Vassa's Middle Passage
Following the convention often adopted in scholarship, the “Middle Passage” with capital letters refers to the slave trade crossing from Africa to the Atlantic. In reality, the journey often encompassed much more than crossing the Atlantic, as many individuals were taken from areas in Africa that were quite far from the coast. Vassa’s account of the Middle Passage, was fundamental to the campaign to abolish British involvement in the slave trade, which began as a popular movement in the late 1780s and resulted in formal abolition in 1807, ten years after Vassa’s death. The description of the ordeal was a fundamental component of his autobiography and, also, would have been a prominent feature of his many public lectures and appearances during his book tours in England, Ireland and Scotland. The anti-slavery reformers with whom Vassa was associated decided to focus on the slave trade rather than institution of slavery itself. It was thought that abolition of the slave trade was a more realistic goal for reform than a fully- fledged assault on slavery itself. Initially, proponents sought to regulate the trade by requiring medical doctors to be on board ships and then by limiting the number of people that could be taken on board depending upon the size of ships. In early 1789, however, Parliament held hearings that were open to the public on the slave trade with the intention of tabling a motion for abolition. Subsequently, additional hearings were held in 1790 and 1792, and a public campaign that involved petitions to Parliament transformed the issue into a popular protest. The implementation of abolition was largely delayed because of the Wars of the French Revolution and the emergence of Napoleon, but abolition was formally enacted on 25 March 1807. There can be no better description of the Middle Passage than Vassa’s own account, which is recorded here in full. In addition to his account in the Interesting Narrative, Vassa described the Middle Passage in his many public appearances during his book tours across Britain, which upset people and inspired them to sign petitions addressed to Parliament. His accounts of the barbarities that people endured on the Atlantic crossing, including the disgusting “filth of the necessary tubs, into which the children often fell, and were almost suffocated” as ships lurched in rough seas revealed atrocities that were simply unknown (Interesting Narrative, 58). Testimonies before the House of Commons that led to the Dolben Act in 1788 and the hearings over the bill to abolish the slave trade in 1789, 1790 and 1792 were published in newspapers and through the Sessional Papers. Vassa’s physical presence and his command of language made the “Middle Passage” became a widely known concept, one that was necessary for the campaign to abolish the slave trade. According to Vassa’s Account of the Middle Passage in the first edition of The Interesting Narrative:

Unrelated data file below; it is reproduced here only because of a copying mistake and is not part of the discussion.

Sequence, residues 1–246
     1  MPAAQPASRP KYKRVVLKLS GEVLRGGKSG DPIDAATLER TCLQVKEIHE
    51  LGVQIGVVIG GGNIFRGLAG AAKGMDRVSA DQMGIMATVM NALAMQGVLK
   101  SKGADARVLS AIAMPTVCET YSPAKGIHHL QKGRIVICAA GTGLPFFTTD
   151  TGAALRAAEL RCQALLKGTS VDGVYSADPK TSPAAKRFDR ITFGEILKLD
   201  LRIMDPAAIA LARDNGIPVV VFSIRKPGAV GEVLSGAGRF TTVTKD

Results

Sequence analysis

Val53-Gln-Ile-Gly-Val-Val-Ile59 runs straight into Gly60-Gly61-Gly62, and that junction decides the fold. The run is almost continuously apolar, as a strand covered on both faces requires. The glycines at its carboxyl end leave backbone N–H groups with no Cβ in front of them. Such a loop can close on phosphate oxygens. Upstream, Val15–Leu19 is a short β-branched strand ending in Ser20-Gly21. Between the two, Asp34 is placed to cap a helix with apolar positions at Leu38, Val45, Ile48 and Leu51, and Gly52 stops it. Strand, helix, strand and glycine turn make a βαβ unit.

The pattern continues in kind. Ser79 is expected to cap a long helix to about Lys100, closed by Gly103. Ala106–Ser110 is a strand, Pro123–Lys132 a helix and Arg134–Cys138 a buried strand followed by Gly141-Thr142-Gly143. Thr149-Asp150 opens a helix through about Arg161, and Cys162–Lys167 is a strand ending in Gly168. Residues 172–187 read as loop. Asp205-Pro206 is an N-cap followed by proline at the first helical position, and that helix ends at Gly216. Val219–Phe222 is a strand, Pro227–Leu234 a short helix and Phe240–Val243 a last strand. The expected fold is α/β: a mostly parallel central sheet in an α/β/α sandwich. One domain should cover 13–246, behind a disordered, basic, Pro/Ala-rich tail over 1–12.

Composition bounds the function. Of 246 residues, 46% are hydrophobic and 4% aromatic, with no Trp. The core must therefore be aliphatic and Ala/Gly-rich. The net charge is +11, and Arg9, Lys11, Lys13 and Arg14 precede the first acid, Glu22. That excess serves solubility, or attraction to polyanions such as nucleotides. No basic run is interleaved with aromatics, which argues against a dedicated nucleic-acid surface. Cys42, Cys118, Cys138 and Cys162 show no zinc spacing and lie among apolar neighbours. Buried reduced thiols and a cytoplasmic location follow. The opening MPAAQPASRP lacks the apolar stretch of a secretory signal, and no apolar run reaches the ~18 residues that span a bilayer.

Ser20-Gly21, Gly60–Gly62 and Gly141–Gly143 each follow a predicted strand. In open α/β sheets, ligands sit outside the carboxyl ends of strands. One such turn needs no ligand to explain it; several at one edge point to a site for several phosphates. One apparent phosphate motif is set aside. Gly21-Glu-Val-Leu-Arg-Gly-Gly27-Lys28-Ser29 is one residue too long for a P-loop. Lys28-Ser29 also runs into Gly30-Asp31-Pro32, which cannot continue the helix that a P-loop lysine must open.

The first object which saluted my eyes when I arrived on the coast was the sea, and a slave ship, which was then riding at anchor, and waiting for its cargo. These filled me with astonishment, which was soon converted into terror when I was carried on board [which I am yet at a loss to describe, nor the feelings of my mind] when I was carried on board. I was immediately handled and tossed up to see if I were sound by some of the crew; and I was now persuaded that I had gotten into a world of bad spirits, and that they were going to kill me. Their complexions too differing so much from ours, their long hair, and the language they spoke, (which was very different from any I had ever heard) united to confirm me in this belief. Indeed, such were the horrors of my views and fears at the moment, that, if ten thousand worlds had been my own, I would have freely parted with them all to have exchanged my condition with that of the meanest slave in my own country. When I looked round the ship too, and saw a large furnace or copper boiling, and a multitude of black people of every description chained together, every one of their countenances expressing dejection and sorrow, I no longer doubted of my fate, and, quite overpowered with horror and anguish, I fell motionless on the deck and fainted. When I recovered a little, I found some black people about me, who I believed were some of those who brought me on board, and had been receiving their pay; they talked to me in order to cheer me, but all in vain. I asked them if we were not to be eaten by those white men with horrible looks, red faces, and loose hair. They told me I was not; and one of the crew brought me a small portion of spirituous liquor in a wine glass; but, being afraid of him, I would not take it out of his hand. One of the blacks therefore took it from him and gave it to me, and I took a little down my palate, which, instead of reviving me, as they thought it would, threw me into the greatest consternation at the strange feeling it produced, having never tasted any such liquor before. Soon after this the blacks who brought me on board went off, and left me abandoned to despair. I now saw myself deprived of all chance of returning to my native country, or even the least glimpse of hope of gaining the shore, which I now considered as friendly; and I even wished for my former slavery in preference to my present situation, which was filled with horrors of every kind, still heightened by my ignorance of what I was to undergo. I was not long suffered to indulge my grief; I was soon put down under the decks, and there I received such a salutation in my nostrils as I had never experienced in my life: so that with the loathsomeness of the stench, and crying together, I became so sick and low that I was not able to eat, nor had I the least desire to taste any thing. I now wished for the last friend, death, to relieve me; but soon, to my grief, two of the white men offered me eatables; and, on my refusing to eat, one of them held me fast by the hands, and laid me across, I think, the windlass, and tied my feed, while the other flogged me severely. I had never experienced any thing of this kind before; and although, not being used to the water, I naturally feared that element the first time I saw it; yet, nevertheless, could I have got over the nettings, I would have jumped over the side, but I could not; and, besides, the crew used to watch us very closely who were not chained down to the decks, lest we should leap into the water; and I have seen some of these poor African prisoners most severely cut for attempting to do so, and hourly whipped for not eating. This indeed was often the case with myself. In a little time after, amongst the poor chained men, I found some of my own nation, which in a small degree gave ease to my mind. I inquired of these what was to be done with us? they gave me to understand we were to be carried to these white people’s country to work for them. I then was a little revived, and thought, if it were no worse than working, my situation was not so desperate: but still I feared I should be put to death, the white people looked and acted, as I thought, in so savage a manner; for I had never seen among any people such instances of brutal cruelty; and this not only shewn towards us blacks, but also to some of the whites themselves. One white man in particular I saw, when we were permitted on deck, flogged so unmercifully with a large rope near the foremast, that he died in consequence of it; and they tossed him over the side as they would have done a brute. This made me fear these people the more; and I expected nothing less than to be treated in the same manner. I could not help expressing my fears and apprehensions to some of my countrymen: I asked them if these people had no country, but lived in this hollow place (the ship): they told me they did not, but came from a distant one. 'Then,' said I, 'how comes it in all our country we never heard of them?' They told me, because they lived so very far off. I then asked where were their women? had they any like ourselves! I was told they had: 'and why,' said I, 'do we not see them?' they asked, because they were left behind. I asked how the vessel could go? they told me they could not tell; but that there were cloths put upon the masts by the help of the ropes I saw, and then the vessel went on; and the white men had some spell or magic they put in the water when they liked in order to stop the vessel. I was exceedingly amazed at this account, and really thought they were spirits. I therefore wished much to be from amongst them, for I expected they would sacrifice me: but m wishes were in vain; for we were so quartered that it was impossible for any of us to make our escape. While we stayed on the coast I was mostly on deck; and one day, to my great astonishment, I saw one of these vessels coming in with the sails up. As soon as the whites saw it, they gave a great shout, at which were amazed; and the more so as the vessel appeared larger by approaching nearer. At last she came to an anchor in my sight, and when the anchor was let go, I and my countrymen who saw it were lost in astonishment to observe the vessel stop; and were now convinced it was done by magic. Soon after this the other ship got her boats out, and they came on board of us, and the people of both ships seemed very glad to see each other. Several of the strangers also shook hands with us black people, and made motions with their hands, signifying, I suppose, we were to go to their country; but we did not understand them. At last, when the ship we were in had got in all her cargo, they made ready with many fearful noises, and we were all put under the deck, so that we could not see how they managed the vessel. But this disappointment was the least of my sorrow. The stench of the hold while we were on the coast was so intolerably loathsome, that it was dangerous to remain there for any time, and some of us had been permitted to stay on the deck for the fresh air; but now that the whole ship’s cargo were confined together, it became absolutely pestilential. The closeness of the place, and the heat of the climate, added to the number in the ship, which was so crowded that each had scarcely room to turn himself, almost suffocated us. This produced copious perspirations, so that the air soon became unfit for respiration, from a variety of loathsome smells, and brought on a sickness among the slaves, of which many died, thus falling victims to the improvident avarice, as I may call it, of their purchasers. this wretched situation was again aggravated by the galling of the chains, now become insupportable; and the filth of the necessary tubs, into which the children often fell, and were almost suffocated. The shrieks of the women, and the groans of the dying, rendered the whole a scene of horror almost inconceivable. Happily perhaps for myself I was soon reduced so low here that it was thought necessary to keep me almost always on deck; and from my extreme youth I was not put in fetters. In this situation I expected every hour to share the fate of my companions, some of whom were almost daily brought upon deck at the point of death, which I began to hope would soon put an end to my miseries. Often did I think many of the inhabitants of the deep much more happy than myself. I envied them the freedom they enjoyed, and as often wished I could change my condition for theirs. Every circumstance I met with served only to render my state more painful, and heighten my apprehensions, and my opinion of the cruelty of the whites. One day they had taken a number of fishes; and when they had killed and satisfied themselves with as many as they thought fit, to our astonishment who were on the deck, rather than give any of them to us to eat as we expected, they tossed the remaining fish into the sea again, although we begged and prayed for some as well as we could, but in vain; and some of my countrymen, being pressed by hunger, took an opportunity, when they thought no one saw them, of trying to get a little privately; but they were discovered, and the attempt procured them some very severe floggings. One day, when we had a smooth sea and moderate wind, two of my wearied countrymen who were chained together (I was near them at the time), preferring death to such a life of misery, somehow made through the nettings and jumped into the sea: immediately another quite dejected fellow, who, on account of his illness, was suffered to be out of irons, also followed their example; and I believe many more would very soon have done the same if they had not been prevented by the ship’s crew, who were instantly alarmed. Those of us that were the most active were in a moment put down under the deck, and there was such a noise and confusion amongst the people of the ship as I never heard before, to stop her, and get the boat out to go after the slaves. However two of the wretches were drowned, but they got the other, and afterwards flogged him unmercifully for thus attempting to prefer death to slavery. In this manner we continued to undergo more hardships than I can now relate, hardships which are inseparable from this accursed trade. Many a time we were near suffocation from the want of fresh air, which we were often without for whole days together. This, and the stench of the necessary tubs, carried off many. During our passage I first saw flying fishes, which surprised me very much: they used frequently to fly across the ship, and many of them fell on the deck. I also now first saw the use of the quadrant; I had often with astonishment seen the mariners make observations with it, and I could not think what it meant. They at last took notice of my surprise; and one of them, willing to increase it, as well as to gratify my curiosity, made me one day look through it. The clouds appeared to me to be land, which disappeared as they passed along. This heightened my wonder; and I was now more persuaded than ever that I was in another world, and that every thing about me was magic. At last we came in sight of the island of Barbadoes, at which the whites on board gave a great shout, and made many signs of joy to us. We did not know what to think of this; but as the vessel drew nearer we plainly saw the harbour, and other ships of different kinds and sizes; and we soon anchored amongst them off Bridge Town.Many merchants and planters now came on board, though it was in the evening. They put us in separate parcels, and examined us attentively. They also made us jump, and pointed to the land, signifying we were to go there. We thought by this we should be eaten by these ugly men, as they appeared to us; and, when soon after we were all put down under the deck again, there was much dread and trembling among us, and nothing but bitter cries to be heard all the night from these apprehensions, insomuch that at last the white people got some old slaves from the land to pacify us. They told us we were not to be eaten, but to work, and were soon to go on land, where we should see many of our country people. This report eased us much; and sure enough, soon after we were landed, there came to us Africans of all languages. We were conducted immediately to the merchant’s yard, where we were all pent up together like so many sheep in a fold, without regard to sex or age. As every object was new to me every thing I saw filled me with surprise. What struck me first was that the houses were built with stories, and in every other respect different from those in Africa: but I was still more astonished on seeing people on horseback. I did not know what this could mean; and indeed I thought these people were full of nothing but magical arts. While I was in this astonishment one of my fellow prisoners spoke to a countryman of his about the horses, who said they were the same kind they had in their country. I understood them, though they were from a distant part of Africa, and I thought it odd I had not seen any horses there; but afterwards, when I came to converse with different Africans, I found they had many horses amongst them, and much larger than those I then saw. We were not many days in the merchant’s custody before we were sold after their usual manner, which is this: — On a signal given, (as the beat of a drum) the buyers rush at once into the yard where the slaves are confined, and make choice of that parcel they like best. The noise and clamour with which this is attended, and the eagerness visible in the countenances of the buyers, serve not a little to increase the apprehensions of the terrified Africans, who may well be supposed to consider them as the ministers of that destruction to which they think themselves devoted. In this manner, without scruple, are relations and friends separated, most of them never to see each other again. I remember in the vessel in which I was brought over, in the men’s apartment, there were several brothers, who, in the sale, were sold in different lots; and it was very moving on this occasion to see and hear their cries at parting. O, ye nominal Christians! might not an African ask you, learned you this from your God, who says unto you, Do unto all men as you would men should do unto you? Is it not enough that we are torn from our country and friends to toil for your luxury and lust of gain? Must every tender feeling be likewise sacrificed to your avarice? Are the dearest friends and relations, now rendered more dear by their separation from their kindred, still to be parted from each other, and thus prevented from cheering the gloom of slavery with the small comfort of being together and mingling their sufferings and sorrows? Why are parents to lose their children, brothers their sisters, or husbands their wives? Surely this is a new refinement in cruelty, which, while it has no advantage to atone for it, thus aggravates distress, and adds fresh horrors even to the wretchedness of slavery.